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Who Comes Next?

Henry Clay Warmoth, Whipping Boy of Reconstruction

Each week, historian Sean Michael Chick will highlight some of the country's unsung heroes or pivotal figures during the Civil War era who could serve as replacements following the takedown of New Orleans' Confederate monuments. This week, learn about Henry Clay Warmoth, Civil War officer, lawman, and Republican Governor of Louisiana. 


Few Louisiana governors have attracted as much debate and controversy as Henry Clay Warmoth, a regular fixture in the Who Comes Next? series. In 1860, the Illinois native became a Missouri lawyer and was seen as one of the best young attorneys in the state. Then the Civil War came.


Warmoth served in the Missouri militia before becoming a Lieutenant Colonel in the 32nd Missouri Infantry. He was present at the Union victory at Arkansas Post and was wounded in the Vicksburg Campaign, returning to Missouri to recover and was feted wherever he went. Young, handsome, charming, and a notorious flirt, he was also not one to shirk a fight. Warmoth criticized Ulysses Grant’s tactics at Vicksburg, and Grant, never one to forget a slight, had Warmoth stripped of his command. Warmoth made an impassioned personal plea to Abraham Lincoln, who reinstated him. Warmoth fought well at Chattanooga and was then transferred to New Orleans.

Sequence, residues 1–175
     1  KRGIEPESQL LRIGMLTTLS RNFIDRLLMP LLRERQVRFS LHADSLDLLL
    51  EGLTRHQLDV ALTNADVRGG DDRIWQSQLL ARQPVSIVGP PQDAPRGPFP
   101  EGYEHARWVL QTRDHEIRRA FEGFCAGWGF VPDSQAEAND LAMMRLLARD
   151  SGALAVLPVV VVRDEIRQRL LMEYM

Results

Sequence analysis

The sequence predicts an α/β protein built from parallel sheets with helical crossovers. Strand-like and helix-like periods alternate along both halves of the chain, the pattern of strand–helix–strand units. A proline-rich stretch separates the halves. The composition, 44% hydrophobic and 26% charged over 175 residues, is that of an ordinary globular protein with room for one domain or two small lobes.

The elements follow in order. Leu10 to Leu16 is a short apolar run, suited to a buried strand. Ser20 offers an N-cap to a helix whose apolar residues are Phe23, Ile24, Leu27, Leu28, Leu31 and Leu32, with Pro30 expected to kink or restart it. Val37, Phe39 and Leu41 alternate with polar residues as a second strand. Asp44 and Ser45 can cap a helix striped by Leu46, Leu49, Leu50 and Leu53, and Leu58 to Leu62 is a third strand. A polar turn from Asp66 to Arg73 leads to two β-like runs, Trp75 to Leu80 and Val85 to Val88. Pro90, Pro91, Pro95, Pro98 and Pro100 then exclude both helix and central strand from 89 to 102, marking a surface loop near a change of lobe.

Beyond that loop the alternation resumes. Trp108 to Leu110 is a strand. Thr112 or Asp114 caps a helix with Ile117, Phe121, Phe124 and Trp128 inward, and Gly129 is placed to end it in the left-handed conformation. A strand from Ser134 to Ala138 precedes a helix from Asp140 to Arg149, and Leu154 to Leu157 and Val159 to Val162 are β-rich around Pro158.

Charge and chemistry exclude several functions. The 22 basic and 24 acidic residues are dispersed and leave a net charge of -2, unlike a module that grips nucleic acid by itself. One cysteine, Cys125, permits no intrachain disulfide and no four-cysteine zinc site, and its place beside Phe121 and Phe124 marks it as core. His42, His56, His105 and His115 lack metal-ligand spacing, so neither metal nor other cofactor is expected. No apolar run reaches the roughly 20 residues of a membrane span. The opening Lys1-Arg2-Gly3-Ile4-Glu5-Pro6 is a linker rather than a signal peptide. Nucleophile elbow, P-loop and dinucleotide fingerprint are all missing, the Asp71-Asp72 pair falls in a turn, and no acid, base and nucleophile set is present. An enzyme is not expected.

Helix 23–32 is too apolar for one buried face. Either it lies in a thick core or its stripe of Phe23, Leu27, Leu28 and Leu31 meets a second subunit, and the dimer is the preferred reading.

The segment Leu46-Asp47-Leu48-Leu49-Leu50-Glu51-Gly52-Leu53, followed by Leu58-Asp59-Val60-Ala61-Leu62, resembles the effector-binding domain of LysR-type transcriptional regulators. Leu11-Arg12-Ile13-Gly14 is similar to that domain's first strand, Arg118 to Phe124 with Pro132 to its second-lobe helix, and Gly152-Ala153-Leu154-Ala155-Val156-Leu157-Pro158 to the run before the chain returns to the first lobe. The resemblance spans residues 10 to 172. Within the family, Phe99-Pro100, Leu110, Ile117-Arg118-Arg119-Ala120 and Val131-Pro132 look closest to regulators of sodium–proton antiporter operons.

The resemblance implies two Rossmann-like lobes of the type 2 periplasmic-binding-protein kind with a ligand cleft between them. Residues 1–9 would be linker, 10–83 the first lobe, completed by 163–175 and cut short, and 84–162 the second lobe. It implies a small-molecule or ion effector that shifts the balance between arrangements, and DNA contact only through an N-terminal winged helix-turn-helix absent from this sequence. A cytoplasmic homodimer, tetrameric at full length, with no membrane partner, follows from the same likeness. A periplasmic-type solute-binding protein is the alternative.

Upon his relocation, Warmoth instantly fell in love with Louisiana, and marveled that “It is perfectly lordly to live down here.” Warmoth entered Nathaniel Banks’ orbit and became a judge. He had a knack for making friends and connections, Democrats and Confederates alike. Warmoth allied himself with the freedmen and portrayed himself as a Radical Republican. With these credentials he became Governor in 1868.


Warmoth’s task was herculean: to balance competing Republican factions, which included those with progressive and conservative racial views, as well as between the men who wanted to create a new society and those who were just there to make money and accrue power. He also had to contend with Grant, who had become president the same year and worked to undermine Warmoth’s term. Soon, it was apparent that Warmoth’s ability to balance these factions was wanting.


Warmoth was elected with the support of Oscar J. Dunn and the radicals. Warmoth supported Louisiana’s progressive constitution, but he soon backpedalled. He vetoed a bill with stronger integration standards, drawing the ire of Dunn. Warmoth instead began to rely on P.B.S. Pinchback, the leader of the conservative black Republican faction. Although he made some sound fiscal reforms, Warmoth was corrupt — though likely no more than other men of his era. In an attempt to gain the support of some former Confederates, he loosened franchise restrictions on former Confederates and made James Longstreet a key ally. Warmoth’s strategy was not novel. In 1868, former slave Pierre Caliste Landry of the neighboring city of Donaldsonville became first black mayor in America. He won on a biracial platform of moderation.